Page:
The present study utilises different satellite and ground-based geodetic observations in order to assess the current evolution of the Greenland Ice Sheet (GIS). Satellite gravimetry data acquired by the Gravity Recovery and Climate Experiment are used to derive ice-mass changes for the period from 2003 to 2012. The inferred time series are investigated regarding long-term, seasonal and interannual variations. Laser altimetry data acquired by the Ice, Cloud, and land Elevation Satellite (ICESat) are utilised to solve for linear and seasonal changes in the ice-surface height and to infer independent mass-change estimates for the entire GIS and its major drainage basins. We demonstrate that common signals can be identified in the results of both sensors. Moreover, the analysis of a Global Positioning System (GPS) campaign network in West Greenland for the period 1995–2007 allows us to derive crustal deformation caused by glacial isostatic adjustment (GIA) and by present-day ice-mass changes. ICESat-derived elastic crustal deformations are evaluated comparing them with GPS-observed uplift rates which were corrected for the GIA effect inferred by model predictions. Existing differences can be related to the limited resolution of ICESat. Such differences are mostly evident in dynamical regions such as the Disko Bay region including the rapidly changing Jakobshavn Isbræ, which is investigated in more detail. Glacier flow velocities are inferred from satellite imagery yielding an accelerated flow from 1999 to 2012. Since our GPS observations cover a period of more than a decade, changes in the vertical uplift rates can also be investigated. It turns out that the increased mass loss of the glacier is also reflected by an accelerated vertical uplift.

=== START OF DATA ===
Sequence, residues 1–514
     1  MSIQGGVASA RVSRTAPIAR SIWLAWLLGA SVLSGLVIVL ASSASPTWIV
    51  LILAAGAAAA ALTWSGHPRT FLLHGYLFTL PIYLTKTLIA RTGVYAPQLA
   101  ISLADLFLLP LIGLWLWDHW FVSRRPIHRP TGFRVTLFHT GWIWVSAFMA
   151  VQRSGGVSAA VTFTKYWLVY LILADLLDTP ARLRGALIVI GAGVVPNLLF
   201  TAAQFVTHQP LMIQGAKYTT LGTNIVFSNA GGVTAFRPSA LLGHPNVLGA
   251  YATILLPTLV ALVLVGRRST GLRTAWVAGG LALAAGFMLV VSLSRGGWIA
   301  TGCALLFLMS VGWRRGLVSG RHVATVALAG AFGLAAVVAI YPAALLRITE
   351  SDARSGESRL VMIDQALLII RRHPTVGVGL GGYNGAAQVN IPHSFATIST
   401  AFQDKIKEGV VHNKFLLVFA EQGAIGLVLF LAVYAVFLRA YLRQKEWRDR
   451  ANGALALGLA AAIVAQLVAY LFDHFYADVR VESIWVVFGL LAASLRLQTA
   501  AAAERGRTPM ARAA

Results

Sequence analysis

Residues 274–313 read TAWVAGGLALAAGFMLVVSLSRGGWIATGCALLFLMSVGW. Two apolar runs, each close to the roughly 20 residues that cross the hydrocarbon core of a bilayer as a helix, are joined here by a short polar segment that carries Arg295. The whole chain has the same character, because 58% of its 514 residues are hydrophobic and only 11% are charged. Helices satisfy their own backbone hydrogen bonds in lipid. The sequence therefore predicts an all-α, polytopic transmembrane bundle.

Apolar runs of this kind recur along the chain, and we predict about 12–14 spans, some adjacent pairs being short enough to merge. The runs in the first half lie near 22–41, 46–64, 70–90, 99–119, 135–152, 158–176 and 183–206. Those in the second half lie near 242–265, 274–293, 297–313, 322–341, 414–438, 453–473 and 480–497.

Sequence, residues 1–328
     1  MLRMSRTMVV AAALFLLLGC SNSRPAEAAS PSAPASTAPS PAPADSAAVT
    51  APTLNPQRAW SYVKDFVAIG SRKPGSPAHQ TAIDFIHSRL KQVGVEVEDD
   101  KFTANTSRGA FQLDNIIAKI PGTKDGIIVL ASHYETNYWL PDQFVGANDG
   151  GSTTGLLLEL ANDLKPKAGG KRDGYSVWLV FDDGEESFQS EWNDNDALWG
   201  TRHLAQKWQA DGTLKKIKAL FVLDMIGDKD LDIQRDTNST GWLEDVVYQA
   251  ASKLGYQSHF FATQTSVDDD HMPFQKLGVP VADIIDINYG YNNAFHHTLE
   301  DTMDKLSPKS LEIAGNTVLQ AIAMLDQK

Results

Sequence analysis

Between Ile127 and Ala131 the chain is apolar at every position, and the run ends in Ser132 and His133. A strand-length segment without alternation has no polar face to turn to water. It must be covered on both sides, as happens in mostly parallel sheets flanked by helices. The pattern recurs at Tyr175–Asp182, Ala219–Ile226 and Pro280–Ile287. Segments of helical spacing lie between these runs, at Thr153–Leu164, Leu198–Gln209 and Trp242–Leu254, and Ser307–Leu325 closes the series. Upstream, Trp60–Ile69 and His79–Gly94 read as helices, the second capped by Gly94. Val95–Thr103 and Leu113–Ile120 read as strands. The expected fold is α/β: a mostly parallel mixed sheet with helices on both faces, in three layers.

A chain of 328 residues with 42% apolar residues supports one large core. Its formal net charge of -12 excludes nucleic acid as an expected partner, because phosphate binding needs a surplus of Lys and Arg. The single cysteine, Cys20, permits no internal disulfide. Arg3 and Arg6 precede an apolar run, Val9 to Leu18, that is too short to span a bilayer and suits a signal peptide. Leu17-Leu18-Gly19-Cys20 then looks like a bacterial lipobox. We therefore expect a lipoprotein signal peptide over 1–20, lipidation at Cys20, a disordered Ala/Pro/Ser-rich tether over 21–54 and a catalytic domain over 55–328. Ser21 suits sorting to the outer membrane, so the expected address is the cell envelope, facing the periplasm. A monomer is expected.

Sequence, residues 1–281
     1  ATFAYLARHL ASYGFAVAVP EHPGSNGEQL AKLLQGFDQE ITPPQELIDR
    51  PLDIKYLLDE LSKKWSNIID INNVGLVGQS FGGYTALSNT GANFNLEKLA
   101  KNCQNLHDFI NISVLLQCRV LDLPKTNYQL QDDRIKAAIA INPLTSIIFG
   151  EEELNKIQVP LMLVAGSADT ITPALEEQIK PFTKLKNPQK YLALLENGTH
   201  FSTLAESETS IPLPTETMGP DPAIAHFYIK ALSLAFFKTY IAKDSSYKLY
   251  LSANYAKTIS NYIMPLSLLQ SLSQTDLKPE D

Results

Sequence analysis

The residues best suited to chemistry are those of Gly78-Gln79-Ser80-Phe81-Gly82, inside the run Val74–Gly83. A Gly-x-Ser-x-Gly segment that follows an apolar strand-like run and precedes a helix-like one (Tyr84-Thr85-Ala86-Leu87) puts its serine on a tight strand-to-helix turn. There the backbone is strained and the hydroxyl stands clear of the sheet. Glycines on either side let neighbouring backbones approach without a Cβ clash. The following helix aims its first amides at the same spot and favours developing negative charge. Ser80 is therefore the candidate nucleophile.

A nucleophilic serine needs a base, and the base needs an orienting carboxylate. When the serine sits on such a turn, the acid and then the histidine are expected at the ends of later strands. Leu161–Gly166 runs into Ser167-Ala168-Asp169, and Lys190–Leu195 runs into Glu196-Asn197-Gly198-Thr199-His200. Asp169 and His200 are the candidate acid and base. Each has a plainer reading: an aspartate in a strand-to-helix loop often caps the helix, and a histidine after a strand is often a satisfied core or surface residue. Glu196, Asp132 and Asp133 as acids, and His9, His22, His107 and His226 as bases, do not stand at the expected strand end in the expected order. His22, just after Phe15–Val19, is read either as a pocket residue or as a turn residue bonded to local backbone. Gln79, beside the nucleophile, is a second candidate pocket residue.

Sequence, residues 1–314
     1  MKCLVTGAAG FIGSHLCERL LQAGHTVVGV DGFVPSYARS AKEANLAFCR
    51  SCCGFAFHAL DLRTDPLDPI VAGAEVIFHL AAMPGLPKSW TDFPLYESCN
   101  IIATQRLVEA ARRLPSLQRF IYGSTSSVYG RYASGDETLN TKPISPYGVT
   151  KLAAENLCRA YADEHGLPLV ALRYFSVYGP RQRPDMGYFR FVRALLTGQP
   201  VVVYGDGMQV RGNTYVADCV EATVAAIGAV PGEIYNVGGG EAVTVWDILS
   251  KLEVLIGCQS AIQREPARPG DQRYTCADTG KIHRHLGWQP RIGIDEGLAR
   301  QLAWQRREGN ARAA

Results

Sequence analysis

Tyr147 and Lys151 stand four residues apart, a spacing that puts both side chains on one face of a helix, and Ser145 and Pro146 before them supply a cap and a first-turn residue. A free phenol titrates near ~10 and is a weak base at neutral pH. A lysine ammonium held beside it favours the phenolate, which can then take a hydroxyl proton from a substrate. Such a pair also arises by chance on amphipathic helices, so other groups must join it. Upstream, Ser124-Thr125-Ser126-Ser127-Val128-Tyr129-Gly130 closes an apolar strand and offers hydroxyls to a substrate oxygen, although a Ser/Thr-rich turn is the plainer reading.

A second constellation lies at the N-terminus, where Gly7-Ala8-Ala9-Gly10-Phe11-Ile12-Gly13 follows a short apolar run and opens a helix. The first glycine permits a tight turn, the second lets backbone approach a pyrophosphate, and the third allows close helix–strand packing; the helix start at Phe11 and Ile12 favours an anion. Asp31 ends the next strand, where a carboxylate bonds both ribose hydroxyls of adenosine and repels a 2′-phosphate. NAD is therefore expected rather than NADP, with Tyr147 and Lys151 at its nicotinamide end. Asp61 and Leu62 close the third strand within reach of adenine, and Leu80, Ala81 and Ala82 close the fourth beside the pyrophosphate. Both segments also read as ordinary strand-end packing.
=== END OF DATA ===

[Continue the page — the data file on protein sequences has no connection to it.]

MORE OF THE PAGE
|Journal||Surveys in geophysics : an international review journal of geophysics and planetary sciences|
|Publication status||Published - 1 Nov 2014|